Basic statistics first. I went to the 5K, I got my t-shirt, I ran and walked, and I finished the 5K. And most importantly to me, I was not last. :D This is all good stuff. Woohoo, go me, and all that.
At the beginning of the race, my sisters decided to walk the whole thing together. My mom and I were going to run and walk together. About 200 yards into the race, I had to stop and just walk. But, my mom kept going. She never stopped running the whole race. I didn’t see her again until after the race. While I am extremely proud of her for being able to run the whole thing without walking or stopping, I felt abandoned. I felt sad. I didn’t like that feeling. I hated the feeling of being alone, while everybody else passed my by. I didn’t like it at all. And I almost felt angry about it. Not so much angry at my mom, but angry at myself. Angry that I had to stop and walk. Angry that I hadn’t worked out enough to be able to run myself. I was annoyed at my mom because she had claimed she hadn’t been working out either. And because she said that she was going to have to walk and run. But I was mad at myself for not being good enough.
And there I go again, “not good enough.” This is a constant struggle for me, my weight and level of fitness are not an indicator of my moral compass. My being unable to run the entire 3.3 miles is no indication on whether I am a good person or not. It truly isn’t. But I turn there over and over again. I may still be heavy. I may not be very fit. I may have a low tolerance for exercise. But I am a good person. I am NOT evil or bad. I am worth it to keep trying.
After walking for awhile in my own self-pity, I decided to slow way down and wait for my sisters A and H. A had knee surgery this year, and H has struggled with her weight for years. I was so proud of them for participating in the run with us. So I walked with them for awhile, mentally beating myself up, and whining that my mom had run on ahead. After awhile, I thought to myself, “why am I upset that she kept going at her own pace? Why does it bother me that she didn’t hold herself back for me? This is ridiculous!” So, once I caught my breath, and mended my pride, I decided to take things at my own pace. Was I doing this for my mom, or with my mom? Or was I doing it for myself? What do I preach all the time? Don’t do this for anybody but yourself. You are the only one you can count on, and if you are relying on others to accomplish your dreams, then you are going to fail. So I tucked it in and started jogging a bit. I jogged until I got tired, and then I walked a bit. Then I picked up the pace, and jogged on again. I finished the race that way. I jogged and I walked, as I needed to. I quit caring about what other people thought. I quit thinking about who was with me or not, and I just got down to business.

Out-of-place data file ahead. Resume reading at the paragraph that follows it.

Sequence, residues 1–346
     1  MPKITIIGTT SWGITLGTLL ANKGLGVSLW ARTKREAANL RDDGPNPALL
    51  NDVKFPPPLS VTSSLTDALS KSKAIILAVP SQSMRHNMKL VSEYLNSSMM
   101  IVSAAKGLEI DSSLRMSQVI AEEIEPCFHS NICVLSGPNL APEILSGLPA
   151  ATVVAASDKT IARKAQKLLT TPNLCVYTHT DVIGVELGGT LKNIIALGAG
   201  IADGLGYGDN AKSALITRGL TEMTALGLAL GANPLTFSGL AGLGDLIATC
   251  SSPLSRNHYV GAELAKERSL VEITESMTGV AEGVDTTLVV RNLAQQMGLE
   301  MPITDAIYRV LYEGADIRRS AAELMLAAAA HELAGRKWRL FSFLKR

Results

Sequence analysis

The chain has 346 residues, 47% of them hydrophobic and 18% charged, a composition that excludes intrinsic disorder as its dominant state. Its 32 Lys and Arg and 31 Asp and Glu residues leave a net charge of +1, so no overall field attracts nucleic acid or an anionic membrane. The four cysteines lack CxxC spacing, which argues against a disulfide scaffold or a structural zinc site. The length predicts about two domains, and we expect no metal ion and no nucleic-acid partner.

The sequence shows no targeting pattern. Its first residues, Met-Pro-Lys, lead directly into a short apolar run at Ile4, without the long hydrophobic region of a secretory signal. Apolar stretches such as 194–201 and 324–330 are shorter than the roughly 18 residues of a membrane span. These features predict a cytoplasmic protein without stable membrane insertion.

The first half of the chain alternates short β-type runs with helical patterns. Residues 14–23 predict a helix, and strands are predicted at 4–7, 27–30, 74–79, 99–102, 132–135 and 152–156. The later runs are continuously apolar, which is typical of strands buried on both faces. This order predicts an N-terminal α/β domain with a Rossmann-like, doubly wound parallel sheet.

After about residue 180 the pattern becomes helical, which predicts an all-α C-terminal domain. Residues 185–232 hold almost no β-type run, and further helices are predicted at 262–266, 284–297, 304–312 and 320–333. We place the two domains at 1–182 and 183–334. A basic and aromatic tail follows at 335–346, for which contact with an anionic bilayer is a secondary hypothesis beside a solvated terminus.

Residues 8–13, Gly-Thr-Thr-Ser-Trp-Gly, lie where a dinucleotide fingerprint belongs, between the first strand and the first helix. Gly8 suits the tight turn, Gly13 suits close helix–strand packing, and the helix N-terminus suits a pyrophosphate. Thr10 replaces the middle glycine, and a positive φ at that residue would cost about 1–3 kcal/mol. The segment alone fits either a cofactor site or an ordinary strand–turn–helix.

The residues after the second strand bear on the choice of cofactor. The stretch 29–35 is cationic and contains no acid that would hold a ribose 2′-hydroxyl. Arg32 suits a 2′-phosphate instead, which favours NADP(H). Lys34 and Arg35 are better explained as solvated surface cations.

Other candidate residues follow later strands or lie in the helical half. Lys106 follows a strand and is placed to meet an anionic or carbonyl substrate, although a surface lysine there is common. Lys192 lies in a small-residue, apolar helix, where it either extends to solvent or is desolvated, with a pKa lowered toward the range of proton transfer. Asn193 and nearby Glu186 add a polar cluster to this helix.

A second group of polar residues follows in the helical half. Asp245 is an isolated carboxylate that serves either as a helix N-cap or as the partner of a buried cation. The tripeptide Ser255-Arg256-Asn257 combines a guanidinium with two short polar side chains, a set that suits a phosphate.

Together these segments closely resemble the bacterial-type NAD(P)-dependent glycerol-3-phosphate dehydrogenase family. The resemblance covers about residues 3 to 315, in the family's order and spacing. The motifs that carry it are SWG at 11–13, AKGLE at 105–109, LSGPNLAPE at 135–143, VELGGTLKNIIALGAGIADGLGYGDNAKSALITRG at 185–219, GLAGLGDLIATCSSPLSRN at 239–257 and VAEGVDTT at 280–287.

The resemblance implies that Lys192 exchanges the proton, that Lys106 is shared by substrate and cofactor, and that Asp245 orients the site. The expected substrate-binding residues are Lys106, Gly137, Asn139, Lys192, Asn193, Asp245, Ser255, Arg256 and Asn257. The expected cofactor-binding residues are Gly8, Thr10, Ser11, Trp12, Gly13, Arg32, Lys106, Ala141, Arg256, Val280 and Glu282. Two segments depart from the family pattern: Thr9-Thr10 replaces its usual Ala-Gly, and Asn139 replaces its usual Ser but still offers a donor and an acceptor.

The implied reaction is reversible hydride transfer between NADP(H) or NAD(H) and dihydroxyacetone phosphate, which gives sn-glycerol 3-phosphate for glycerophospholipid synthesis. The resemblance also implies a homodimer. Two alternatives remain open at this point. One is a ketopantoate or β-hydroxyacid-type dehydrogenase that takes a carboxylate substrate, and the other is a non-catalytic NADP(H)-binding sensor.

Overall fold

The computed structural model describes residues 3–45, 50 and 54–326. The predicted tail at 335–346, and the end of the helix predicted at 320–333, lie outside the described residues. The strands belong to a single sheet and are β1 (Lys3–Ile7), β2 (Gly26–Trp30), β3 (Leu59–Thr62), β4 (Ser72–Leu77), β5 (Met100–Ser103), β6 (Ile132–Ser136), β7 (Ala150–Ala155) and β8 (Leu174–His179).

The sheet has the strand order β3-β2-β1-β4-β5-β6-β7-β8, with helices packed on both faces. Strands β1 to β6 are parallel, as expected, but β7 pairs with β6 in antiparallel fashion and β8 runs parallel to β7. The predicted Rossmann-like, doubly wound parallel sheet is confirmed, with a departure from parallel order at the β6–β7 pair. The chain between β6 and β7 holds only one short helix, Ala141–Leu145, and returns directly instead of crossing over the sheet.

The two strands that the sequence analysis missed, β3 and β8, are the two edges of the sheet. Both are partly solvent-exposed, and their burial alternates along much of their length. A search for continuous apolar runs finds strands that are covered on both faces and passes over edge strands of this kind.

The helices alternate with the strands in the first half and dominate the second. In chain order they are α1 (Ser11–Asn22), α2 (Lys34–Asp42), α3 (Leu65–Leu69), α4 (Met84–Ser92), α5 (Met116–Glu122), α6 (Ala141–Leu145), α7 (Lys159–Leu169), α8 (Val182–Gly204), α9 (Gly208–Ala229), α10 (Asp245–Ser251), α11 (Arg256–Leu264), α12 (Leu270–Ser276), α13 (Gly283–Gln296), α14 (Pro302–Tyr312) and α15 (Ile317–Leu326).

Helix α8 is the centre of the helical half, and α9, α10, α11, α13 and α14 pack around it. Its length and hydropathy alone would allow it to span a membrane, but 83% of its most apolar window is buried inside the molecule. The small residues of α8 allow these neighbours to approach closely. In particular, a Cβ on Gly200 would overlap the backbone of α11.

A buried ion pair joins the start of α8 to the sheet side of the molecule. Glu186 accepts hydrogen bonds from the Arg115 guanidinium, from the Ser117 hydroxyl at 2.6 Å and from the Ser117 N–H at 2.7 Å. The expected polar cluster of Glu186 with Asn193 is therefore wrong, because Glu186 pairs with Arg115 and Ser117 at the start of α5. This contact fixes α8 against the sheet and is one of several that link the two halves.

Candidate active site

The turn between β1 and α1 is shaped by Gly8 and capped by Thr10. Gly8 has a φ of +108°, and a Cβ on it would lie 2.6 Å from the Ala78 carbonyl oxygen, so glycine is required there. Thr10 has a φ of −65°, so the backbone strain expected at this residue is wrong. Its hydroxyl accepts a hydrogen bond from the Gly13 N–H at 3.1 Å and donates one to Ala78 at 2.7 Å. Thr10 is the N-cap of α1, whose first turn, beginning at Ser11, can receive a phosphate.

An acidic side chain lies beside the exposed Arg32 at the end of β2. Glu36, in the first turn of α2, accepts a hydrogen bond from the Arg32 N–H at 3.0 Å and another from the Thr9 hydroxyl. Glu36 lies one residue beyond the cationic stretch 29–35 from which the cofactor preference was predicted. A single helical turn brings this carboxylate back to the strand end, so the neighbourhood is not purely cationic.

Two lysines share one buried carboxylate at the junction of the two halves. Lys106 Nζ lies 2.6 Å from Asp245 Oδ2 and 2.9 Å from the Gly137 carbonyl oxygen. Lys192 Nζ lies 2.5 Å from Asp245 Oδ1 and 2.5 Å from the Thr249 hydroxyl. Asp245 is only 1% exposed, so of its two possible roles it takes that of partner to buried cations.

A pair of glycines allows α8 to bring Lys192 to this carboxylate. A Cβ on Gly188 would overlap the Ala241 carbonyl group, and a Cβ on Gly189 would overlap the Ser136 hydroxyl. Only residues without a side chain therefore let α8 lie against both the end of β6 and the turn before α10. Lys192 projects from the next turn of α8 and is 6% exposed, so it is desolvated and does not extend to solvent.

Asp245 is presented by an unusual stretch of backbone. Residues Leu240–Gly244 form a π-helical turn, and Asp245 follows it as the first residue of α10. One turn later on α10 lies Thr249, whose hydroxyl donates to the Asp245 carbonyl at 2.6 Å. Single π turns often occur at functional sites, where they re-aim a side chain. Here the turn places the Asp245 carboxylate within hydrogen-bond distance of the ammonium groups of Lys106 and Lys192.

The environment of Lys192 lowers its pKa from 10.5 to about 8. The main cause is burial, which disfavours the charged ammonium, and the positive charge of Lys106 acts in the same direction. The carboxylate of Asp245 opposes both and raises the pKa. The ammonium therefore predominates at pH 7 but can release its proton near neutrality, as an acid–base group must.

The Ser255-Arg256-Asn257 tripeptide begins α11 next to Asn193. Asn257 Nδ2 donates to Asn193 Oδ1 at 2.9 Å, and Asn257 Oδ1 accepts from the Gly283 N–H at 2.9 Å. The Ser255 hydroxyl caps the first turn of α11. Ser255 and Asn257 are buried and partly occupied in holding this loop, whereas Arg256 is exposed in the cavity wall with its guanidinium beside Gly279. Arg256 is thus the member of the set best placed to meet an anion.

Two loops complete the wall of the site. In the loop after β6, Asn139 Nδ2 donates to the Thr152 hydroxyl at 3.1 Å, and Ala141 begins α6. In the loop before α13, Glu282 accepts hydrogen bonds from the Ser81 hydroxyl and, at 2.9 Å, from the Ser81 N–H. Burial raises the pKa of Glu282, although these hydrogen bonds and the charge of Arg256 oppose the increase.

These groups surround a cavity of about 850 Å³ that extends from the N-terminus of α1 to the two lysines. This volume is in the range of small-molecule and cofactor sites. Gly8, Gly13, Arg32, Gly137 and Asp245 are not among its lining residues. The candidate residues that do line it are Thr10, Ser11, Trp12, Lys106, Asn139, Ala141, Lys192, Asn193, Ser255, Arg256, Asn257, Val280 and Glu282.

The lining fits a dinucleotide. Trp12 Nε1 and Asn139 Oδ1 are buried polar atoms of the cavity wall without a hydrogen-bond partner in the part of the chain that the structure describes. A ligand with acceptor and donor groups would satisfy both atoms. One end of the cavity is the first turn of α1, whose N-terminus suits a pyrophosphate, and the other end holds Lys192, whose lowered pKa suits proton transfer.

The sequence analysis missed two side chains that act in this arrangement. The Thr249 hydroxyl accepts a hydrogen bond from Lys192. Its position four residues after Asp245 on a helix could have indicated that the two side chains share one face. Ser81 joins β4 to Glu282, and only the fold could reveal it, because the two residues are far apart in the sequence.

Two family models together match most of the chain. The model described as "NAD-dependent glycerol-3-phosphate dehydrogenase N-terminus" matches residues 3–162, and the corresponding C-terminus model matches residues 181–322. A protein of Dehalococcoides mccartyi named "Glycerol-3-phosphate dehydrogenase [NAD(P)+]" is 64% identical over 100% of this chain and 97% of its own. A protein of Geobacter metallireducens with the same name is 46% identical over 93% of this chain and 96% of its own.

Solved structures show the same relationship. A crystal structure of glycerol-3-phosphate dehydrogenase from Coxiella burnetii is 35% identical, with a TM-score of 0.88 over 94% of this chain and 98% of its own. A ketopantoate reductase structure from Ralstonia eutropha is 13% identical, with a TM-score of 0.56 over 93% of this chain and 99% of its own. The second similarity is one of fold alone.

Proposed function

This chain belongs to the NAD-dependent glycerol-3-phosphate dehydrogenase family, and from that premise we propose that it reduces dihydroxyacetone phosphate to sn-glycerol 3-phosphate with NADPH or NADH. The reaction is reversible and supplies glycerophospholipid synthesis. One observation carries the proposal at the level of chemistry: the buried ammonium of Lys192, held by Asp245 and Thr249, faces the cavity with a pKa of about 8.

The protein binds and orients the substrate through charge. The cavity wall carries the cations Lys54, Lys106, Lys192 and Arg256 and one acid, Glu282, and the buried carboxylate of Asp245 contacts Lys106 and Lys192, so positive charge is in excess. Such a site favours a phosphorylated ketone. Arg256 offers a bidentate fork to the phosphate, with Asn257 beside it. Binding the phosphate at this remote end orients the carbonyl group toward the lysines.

I finished the race, crossed that finish line. I thought I would be so excited, so proud of myself, and just feel good. But I didn't. In fact, I felt let down. I felt like the only reason I felt any measure of relief or 'happiness,' was just because it was over and I didn't have to do it anymore. I was just so glad to be done.
And then I turned to cheer my sisters on. What can I say, we have all been heavy at some point in our lives. My sister A had knee surgery this year. My sister H has struggled with weight-issues for a long time. But they participated in the 5K this year too. And when I saw them running/jogging the last bit of the race, I started to cheer louder, I started to cry and weep. Because THEY did it.
I don’t know why I don’t feel excited about what I did. I just feel rather numb about it. Kind of let down even. It’s frustrating, because I worked hard for this, and I finished, and I wasn’t last, and I finished in under an hour (56 minutes and some-odd seconds).
But, even though I don’t feel all that accomplished in myself, I do feel celebratory about my sisters finishing. I do feel excitement, and joy, that they were able to participate, and finish. They also finished under an hour, and they too were not last. And so I have decided to celebrate their win, to bask in their glow, and to hope that maybe next time, I will have figured out what it is I missed last time so I can really celebrate my finish.
Until next time . . .